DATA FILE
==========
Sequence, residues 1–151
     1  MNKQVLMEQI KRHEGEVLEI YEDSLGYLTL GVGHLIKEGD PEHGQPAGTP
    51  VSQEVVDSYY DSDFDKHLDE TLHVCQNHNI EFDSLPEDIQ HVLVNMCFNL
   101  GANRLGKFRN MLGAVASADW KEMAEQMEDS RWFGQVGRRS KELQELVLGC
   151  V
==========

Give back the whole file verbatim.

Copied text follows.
Sequence, residues 1–151
     1  MNKQVLMEQI KRHEGEVLEI YEDSLGYLTL GVGHLIKEGD PEHGQPAGTP
    51  VSQEVVDSYY DSDFDKHLDE TLHVCQNHNI EFDSLPEDIQ HVLVNMCFNL
   101  GANRLGKFRN MLGAVASADW KEMAEQMEDS RWFGQVGRRS KELQELVLGC
   151  V